Inbreeding may have helped cause Neanderthals to go extinct, study says
Posted November 27, 2019 2:04 p.m. EST
CNN — Neanderthals went extinct around 40,000 years ago -- about the same time that modern humans migrated out of Africa. This has led researchers to believe that modern humans won the competition for resources, leading to the demise of Neanderthals.
Other theories around the environmental pressure of climate change or even epidemics maintain those reasons could have helped Neanderthals to go extinct.
But a new study proposes that modern humans had nothing to do with it. Instead, the researchers suggest that inbreeding, small populations and fluctuations in birth, death and sex ratio would have been enough to lead the Neanderthals to their permanent end. The study published Wednesday in the journal PLOS.
Previous research suggested that Neanderthals had small populations before modern humans made their appearance. Neanderthals were also spread out in isolated, local areas.
The researchers for this study created population models, based on data from hunter-gatherer groups, with a range of population sizes as small as 50 to a maximum of 5,000.
They simulated the population change in response to changes in birth and death rates, inbreeding and a factor known as Allee effects. Allee effects are when small population size has a negative impact on the reproductive fitness of individuals.
Inbreeding, a practice of mating between relatives, was common among Neanderthals according to previous research. Inbreeding also leads to a reduction of reproductive fitness.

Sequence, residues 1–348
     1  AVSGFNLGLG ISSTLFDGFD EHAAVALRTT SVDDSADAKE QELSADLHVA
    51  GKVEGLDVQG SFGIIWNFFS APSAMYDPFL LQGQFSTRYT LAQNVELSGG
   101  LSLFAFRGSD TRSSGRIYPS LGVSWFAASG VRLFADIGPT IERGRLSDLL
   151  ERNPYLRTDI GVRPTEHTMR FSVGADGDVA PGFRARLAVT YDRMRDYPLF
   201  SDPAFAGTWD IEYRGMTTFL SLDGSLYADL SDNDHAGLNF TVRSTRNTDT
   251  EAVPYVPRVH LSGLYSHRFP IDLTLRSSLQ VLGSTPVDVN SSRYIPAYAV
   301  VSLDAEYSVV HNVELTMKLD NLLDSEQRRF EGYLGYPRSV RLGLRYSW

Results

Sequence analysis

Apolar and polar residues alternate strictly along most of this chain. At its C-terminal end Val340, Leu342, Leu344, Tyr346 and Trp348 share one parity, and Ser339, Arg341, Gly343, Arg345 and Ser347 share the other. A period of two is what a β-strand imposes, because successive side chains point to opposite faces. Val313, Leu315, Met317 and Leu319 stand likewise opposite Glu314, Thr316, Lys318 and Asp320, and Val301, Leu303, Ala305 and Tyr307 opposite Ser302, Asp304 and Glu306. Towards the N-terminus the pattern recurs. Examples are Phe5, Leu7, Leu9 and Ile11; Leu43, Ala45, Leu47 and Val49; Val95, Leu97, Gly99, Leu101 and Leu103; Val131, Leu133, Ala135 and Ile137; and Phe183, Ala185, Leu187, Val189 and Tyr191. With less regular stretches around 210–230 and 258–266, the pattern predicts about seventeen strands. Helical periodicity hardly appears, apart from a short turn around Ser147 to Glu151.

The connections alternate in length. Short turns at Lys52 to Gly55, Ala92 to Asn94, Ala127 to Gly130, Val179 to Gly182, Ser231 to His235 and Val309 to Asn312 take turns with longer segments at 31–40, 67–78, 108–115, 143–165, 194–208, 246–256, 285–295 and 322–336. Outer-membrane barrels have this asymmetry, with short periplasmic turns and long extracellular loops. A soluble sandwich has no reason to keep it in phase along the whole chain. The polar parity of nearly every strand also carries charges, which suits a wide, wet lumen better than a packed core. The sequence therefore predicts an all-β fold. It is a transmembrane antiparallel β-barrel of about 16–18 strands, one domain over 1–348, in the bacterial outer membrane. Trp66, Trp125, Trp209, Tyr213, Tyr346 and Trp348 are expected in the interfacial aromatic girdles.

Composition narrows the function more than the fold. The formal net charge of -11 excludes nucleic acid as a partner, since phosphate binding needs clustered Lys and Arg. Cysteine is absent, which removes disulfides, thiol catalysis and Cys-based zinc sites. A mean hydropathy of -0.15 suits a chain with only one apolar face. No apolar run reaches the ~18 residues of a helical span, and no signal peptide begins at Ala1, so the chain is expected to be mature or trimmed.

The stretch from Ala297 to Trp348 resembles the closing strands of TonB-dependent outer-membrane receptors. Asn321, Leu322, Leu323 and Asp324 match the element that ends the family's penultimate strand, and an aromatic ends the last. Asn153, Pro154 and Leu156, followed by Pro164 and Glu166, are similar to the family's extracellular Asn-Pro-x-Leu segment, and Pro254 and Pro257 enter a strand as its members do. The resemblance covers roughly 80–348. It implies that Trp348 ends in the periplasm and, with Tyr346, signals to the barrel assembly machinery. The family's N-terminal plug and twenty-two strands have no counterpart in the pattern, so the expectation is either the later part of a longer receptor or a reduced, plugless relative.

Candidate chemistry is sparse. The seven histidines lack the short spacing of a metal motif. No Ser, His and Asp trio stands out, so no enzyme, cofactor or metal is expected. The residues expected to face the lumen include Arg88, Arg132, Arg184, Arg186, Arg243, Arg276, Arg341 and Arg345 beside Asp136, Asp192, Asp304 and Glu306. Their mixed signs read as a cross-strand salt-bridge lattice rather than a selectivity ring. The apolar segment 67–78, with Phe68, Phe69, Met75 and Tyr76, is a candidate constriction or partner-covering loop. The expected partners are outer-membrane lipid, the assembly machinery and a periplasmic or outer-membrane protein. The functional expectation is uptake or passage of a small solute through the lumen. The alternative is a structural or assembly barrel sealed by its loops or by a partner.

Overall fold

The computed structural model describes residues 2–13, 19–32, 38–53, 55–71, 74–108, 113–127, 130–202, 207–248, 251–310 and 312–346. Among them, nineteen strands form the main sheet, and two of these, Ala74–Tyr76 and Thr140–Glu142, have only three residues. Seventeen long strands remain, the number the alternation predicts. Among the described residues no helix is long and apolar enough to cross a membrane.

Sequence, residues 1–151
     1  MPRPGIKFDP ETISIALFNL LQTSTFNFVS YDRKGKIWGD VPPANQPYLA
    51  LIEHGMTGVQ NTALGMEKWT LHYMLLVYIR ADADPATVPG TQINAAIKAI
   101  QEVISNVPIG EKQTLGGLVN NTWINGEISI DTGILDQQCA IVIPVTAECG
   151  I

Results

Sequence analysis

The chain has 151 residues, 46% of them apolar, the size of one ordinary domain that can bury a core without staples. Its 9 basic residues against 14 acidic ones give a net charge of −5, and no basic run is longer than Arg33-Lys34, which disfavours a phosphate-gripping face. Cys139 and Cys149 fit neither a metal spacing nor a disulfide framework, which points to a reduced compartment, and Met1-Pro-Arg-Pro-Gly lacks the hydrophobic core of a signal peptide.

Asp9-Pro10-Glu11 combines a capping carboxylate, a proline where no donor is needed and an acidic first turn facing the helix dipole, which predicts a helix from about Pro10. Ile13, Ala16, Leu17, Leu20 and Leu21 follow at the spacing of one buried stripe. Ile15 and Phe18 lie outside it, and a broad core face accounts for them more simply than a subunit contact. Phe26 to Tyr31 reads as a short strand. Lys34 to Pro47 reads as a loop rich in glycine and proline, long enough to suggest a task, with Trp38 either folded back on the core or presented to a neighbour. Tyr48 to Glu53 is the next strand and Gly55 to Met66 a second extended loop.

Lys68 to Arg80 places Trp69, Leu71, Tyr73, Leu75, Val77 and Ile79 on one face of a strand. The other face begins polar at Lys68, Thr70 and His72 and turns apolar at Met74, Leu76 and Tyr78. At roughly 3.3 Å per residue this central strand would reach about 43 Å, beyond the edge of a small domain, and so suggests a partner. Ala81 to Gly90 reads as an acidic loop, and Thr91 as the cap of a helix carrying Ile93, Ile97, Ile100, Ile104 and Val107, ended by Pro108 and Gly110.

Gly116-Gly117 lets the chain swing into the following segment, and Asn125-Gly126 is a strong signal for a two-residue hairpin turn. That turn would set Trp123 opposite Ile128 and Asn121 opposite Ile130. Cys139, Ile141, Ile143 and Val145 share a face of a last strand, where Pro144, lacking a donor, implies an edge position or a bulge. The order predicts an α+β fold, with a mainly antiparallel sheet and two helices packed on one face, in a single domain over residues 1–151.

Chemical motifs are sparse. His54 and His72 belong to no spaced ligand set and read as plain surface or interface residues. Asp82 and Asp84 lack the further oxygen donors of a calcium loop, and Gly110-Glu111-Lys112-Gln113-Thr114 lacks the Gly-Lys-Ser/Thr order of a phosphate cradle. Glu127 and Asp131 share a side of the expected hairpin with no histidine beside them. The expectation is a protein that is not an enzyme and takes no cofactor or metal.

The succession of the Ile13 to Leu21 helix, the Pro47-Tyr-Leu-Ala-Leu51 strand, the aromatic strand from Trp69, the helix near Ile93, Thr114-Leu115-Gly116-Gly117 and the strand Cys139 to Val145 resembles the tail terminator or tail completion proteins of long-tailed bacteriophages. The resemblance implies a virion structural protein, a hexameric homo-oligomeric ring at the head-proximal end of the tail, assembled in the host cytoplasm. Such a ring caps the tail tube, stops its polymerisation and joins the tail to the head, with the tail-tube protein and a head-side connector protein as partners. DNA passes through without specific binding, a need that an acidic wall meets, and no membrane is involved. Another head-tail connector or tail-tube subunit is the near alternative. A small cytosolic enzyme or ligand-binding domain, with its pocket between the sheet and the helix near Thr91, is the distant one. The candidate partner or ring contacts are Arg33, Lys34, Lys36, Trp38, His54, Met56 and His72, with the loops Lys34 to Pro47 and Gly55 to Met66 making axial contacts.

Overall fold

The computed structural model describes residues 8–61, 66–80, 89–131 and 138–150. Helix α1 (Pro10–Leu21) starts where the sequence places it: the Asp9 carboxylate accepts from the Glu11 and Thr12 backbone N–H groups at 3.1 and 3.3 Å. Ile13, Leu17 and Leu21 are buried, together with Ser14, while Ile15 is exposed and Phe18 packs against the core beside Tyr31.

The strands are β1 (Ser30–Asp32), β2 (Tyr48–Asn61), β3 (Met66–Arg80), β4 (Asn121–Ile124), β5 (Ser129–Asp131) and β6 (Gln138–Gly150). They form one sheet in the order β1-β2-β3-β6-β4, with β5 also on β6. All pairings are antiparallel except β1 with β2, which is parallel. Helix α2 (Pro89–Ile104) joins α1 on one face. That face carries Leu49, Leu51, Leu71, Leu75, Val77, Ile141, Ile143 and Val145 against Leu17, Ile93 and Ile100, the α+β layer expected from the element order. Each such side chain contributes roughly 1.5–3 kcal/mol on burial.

Neanderthals had 40% lower reproductive fitness than modern humans, according to previous research cited in the new study.
The simulations took place on a 10,000-year timescale. The researchers found that it was unlikely that inbreeding could be solely responsible for extinction because it only occurred in the model with the smallest population.
But Allee effects, like 25% or less females giving birth in one year, could have caused extinction in populations with 1,000 Neanderthals. Combined with inbreeding and fluctuations in birth and death rates, extinction would have been likely on their timescale over 10,000 years.
The researchers allowed that if modern humans had any effect on Neanderthal extinction, it's possible that the Neanderthal populations may have shifted -- which could lead to inbreeding, a low birth rate and other factors accounted for in the study.
"Did Neanderthals disappear because of us? No, this study suggests," the authors wrote. "The species' demise might have been due merely to a stroke of bad, demographic luck."